National Gay News

Antigay Dr: Talks Trip with Male Escort

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Posted on www.Advocate.com
May 10, 2010
www.Advocate.com
By Advocate.com Editors

Dr. George Rekers, the antigay Family Research Council co-founder who reportedly took a trip to Europe with a male escort, spent part of his Tuesday trading messages on Facebook with people inquiring about the story connecting him to rent boy "Lucien."

JoeMyGod blogger Joe Jervis posted a comment Rekers made on his Facebook page after he asked the antigay Christian leader how "to find the hottest male prostitutes." Rekers wrote that the article about him and Lucien was a "mixture of truth and falsehood."

He reiterated the claims he made to the Miami New Times that he didn't know Lucien was an escort until they were midway through their vacation, saying he hired the young man because recent surgery requires him to have assistance carrying his bags.

He continues: "I have spent much time as a mental health professional and as a Christian minister helping and lovingly caring for people identifying themselves as 'gay.' My hero is Jesus Christ who loves even the culturally despised people, including sexual sinners and prostitutes. Like Jesus Christ, I deliberately spend time with sinners with the loving goal to try to help them."

Later he said he wanted the media to leave Lucien alone because "already the press has been stressful for him."

e Lancet.

Gay Cop Arrests Preacher for Antigay Comments

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Posted on Advocate.com
May 04, 2010
By Julie Bolcer

A gay police officer arrested a Baptist preacher in the UK last month for telling a passerby that homosexuality is a sin.

According to the Daily Telegraph, "Dale McAlpine was charged with causing 'harassment, alarm or distress' after a homosexual police community support officer (PCSO) overheard him reciting a number of 'sins' referred to in the Bible, including blasphemy, drunkenness and same-sex relationships."

Police say the 42-year-old McAlpine, who preaches in Cumbria, used insulting language in violation of the Public Order Act, introduced in 1986 to control rioters at football games. He was held in jail for seven hours on April 20.

Christian legal defenders say that McAlpine committed no crime in expressing his antigay beliefs, and that the law is being used to curb his religious free speech.

On the day of his arrest, McAlpine was approached by a woman on the street who debated him about his beliefs, during which time he said homosexuality is a sin. The woman complained to the nearby police community support officer (PCSO), who told the preacher he could be arrested for using homophobic language.

According to the Telegraph, "The street preacher said he told the PCSO: 'I am not homophobic but sometimes I do say that the Bible says homosexuality is a crime against the Creator.'

"He claims that the PCSO then said he was homosexual and identified himself as the Lesbian, Gay, Bisexual and Transgender liaison officer for Cumbria police. Mr McAlpine replied: 'It's still a sin.'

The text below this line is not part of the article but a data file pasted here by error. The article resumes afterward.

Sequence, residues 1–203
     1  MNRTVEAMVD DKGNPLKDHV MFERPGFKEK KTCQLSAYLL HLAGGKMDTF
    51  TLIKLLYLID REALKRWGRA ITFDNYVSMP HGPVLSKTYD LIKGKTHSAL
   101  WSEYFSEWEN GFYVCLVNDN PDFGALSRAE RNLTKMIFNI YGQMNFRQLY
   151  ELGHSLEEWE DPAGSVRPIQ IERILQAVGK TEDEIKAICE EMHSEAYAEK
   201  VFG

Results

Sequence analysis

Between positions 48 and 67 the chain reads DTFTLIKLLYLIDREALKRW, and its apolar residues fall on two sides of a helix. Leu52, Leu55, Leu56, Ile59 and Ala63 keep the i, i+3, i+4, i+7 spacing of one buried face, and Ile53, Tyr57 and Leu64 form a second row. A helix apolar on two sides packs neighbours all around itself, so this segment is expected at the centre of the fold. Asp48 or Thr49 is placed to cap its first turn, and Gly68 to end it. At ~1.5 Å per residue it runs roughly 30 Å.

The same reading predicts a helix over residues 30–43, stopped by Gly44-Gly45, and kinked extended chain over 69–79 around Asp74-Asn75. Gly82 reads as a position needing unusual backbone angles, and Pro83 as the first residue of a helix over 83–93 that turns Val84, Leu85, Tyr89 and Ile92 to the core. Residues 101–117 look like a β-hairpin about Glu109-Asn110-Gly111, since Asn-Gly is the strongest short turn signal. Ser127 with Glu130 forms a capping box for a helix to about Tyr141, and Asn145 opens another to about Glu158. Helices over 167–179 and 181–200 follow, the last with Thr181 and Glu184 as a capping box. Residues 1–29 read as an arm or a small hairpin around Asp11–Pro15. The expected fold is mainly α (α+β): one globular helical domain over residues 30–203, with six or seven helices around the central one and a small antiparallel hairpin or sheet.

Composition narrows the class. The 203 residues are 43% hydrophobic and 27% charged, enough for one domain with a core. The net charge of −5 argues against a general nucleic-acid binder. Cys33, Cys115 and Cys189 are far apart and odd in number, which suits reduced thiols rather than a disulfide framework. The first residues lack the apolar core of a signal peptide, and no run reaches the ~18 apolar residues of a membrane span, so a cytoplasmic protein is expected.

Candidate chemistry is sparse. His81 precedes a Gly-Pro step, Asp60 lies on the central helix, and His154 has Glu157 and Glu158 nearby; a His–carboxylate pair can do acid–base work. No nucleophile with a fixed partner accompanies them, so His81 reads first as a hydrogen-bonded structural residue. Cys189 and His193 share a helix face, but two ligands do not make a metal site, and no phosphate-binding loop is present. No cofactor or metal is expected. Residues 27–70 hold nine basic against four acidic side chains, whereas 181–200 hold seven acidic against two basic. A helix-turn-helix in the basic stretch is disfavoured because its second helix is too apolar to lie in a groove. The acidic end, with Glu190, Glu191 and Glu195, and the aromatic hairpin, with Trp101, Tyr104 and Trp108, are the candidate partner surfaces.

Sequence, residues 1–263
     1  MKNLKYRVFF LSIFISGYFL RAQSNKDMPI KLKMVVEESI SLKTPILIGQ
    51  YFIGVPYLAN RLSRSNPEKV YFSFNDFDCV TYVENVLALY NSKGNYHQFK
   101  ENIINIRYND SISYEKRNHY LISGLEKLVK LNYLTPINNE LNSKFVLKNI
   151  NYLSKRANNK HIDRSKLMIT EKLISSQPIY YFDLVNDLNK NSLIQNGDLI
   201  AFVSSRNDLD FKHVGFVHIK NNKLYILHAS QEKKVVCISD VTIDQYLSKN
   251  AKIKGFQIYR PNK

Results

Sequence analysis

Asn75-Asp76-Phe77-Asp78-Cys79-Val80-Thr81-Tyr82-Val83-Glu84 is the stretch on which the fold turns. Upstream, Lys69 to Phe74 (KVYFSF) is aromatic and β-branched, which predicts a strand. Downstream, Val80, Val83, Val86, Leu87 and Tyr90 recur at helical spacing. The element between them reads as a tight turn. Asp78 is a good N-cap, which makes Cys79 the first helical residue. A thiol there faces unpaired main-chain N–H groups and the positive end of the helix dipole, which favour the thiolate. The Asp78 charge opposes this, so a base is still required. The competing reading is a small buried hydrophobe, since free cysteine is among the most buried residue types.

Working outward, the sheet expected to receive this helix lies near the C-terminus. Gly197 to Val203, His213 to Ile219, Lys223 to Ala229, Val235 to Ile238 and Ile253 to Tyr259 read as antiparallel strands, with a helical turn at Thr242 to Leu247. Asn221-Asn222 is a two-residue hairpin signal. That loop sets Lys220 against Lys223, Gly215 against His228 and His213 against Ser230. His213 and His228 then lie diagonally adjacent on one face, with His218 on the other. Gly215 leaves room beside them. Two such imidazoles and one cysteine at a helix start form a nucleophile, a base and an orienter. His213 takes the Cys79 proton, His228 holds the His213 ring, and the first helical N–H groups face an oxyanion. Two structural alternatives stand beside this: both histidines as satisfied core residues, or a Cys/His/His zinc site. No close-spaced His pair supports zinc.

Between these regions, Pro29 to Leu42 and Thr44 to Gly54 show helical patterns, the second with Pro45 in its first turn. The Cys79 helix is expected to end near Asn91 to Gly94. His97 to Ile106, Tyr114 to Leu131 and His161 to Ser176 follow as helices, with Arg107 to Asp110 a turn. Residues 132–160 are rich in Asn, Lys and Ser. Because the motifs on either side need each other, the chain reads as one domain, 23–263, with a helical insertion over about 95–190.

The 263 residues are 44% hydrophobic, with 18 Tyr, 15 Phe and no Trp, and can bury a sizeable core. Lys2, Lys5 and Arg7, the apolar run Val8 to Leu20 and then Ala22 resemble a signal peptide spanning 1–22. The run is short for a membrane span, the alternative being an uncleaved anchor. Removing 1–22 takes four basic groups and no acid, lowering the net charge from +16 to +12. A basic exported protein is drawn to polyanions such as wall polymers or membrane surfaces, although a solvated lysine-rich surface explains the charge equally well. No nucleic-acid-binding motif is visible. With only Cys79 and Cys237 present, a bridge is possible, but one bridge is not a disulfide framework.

"The preacher then began a 20 minute sermon, in which he says he mentioned drunkenness and adultery, but not homosexuality. Three regular uniformed police officers arrived during the address, arrested Mr McAlpine and put him in the back of a police van."

McAlpine was released on bail and is now awaiting a trial date.

Congressional Candidates Joke About DADT Violence

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Posted on Advocate.com
May 04, 2010
By Julie Bolcer

Republican candidates for the 8th Congressional District in Tennessee attended a Tea Party forum last Thursday during which they defended the military’s "don’t ask, don’t tell" policy and joked about violence against gay service members.

According to the Jackson Sun, Dr. Ron Kirkland, a Vietnam veteran, and Randy Smith, a veteran of the first Iraq War, joked that gay service members were "taken care of" during the forum in Paris.

"I can tell you if there were any homosexuals in that group, they were taken care of in ways I can't describe to you," said Kirkland.

Smith, who served in the first Iraqi war, said, "I definitely wouldn't want to share a shower with a homosexual. We took care of that kind of stuff, just like (Kirkland) said."

In response to an uproar about the comments, Smith issued a lukewarm apology, the Sun later reported.

"Smith said he knew of violence against gay service members in concept only and never knew of any actual incidents or anything that he could report.

"'I heard guys that said, 'If there was a gay dude I knew about, he'd fall down the line or get pushed over' ... but I haven't actually seen anything like that or seen a blanket party or anything like that,' he said. '... I've never known anybody personally to do that.'

"Smith apologized if his comments offended, but maintained he was 'telling it how it is actually; and warning about hazing — physical and emotional — that could come if 'Don't Ask, Don't Tell' is repealed.

"He said he has a 19-year-old gay daughter who lives in California, and that while he disagrees with her lifestyle, he understands that it is her right to live it.

"'I don't begrudge her because she's gay,' Smith said. '... I would have no problem standing beside a gay man in a time of war, standing back to back, him having my back and me having his back, but I would, as I said last night, have trouble sharing a shower with a gay man.'"